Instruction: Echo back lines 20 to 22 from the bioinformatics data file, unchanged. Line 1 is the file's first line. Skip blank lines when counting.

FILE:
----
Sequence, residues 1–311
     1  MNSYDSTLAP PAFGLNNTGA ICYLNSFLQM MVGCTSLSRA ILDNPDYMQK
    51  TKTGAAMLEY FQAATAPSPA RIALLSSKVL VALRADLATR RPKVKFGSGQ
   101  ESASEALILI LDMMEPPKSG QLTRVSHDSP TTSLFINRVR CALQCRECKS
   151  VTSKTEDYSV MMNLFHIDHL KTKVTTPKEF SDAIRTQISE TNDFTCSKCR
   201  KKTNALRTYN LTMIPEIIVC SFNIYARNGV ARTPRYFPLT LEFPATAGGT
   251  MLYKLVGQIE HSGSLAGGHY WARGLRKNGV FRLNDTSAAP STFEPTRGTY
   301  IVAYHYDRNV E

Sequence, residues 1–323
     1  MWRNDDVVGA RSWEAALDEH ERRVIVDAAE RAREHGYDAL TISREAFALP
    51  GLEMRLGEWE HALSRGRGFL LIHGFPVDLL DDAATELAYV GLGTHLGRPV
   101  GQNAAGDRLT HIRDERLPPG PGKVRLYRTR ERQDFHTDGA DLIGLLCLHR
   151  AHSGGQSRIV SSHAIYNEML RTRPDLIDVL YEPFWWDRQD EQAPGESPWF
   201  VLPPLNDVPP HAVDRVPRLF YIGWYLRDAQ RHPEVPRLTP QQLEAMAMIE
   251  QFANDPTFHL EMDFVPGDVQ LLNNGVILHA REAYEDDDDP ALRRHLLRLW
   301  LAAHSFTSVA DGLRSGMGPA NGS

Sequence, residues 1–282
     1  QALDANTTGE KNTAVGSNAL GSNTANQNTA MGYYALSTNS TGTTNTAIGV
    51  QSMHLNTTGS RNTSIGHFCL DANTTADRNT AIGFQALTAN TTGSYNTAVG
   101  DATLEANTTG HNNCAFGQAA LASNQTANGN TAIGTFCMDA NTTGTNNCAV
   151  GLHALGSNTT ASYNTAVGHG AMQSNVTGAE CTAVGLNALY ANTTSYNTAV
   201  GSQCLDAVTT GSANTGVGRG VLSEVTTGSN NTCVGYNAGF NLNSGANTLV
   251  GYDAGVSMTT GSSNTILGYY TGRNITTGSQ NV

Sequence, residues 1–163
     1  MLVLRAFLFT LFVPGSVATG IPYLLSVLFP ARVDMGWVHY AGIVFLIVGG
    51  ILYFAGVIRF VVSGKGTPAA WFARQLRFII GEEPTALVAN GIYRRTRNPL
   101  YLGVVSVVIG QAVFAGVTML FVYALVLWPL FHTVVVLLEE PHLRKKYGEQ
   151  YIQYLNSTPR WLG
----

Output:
   101  DATLEANTTG HNNCAFGQAA LASNQTANGN TAIGTFCMDA NTTGTNNCAV
   151  GLHALGSNTT ASYNTAVGHG AMQSNVTGAE CTAVGLNALY ANTTSYNTAV
   201  GSQCLDAVTT GSANTGVGRG VLSEVTTGSN NTCVGYNAGF NLNSGANTLV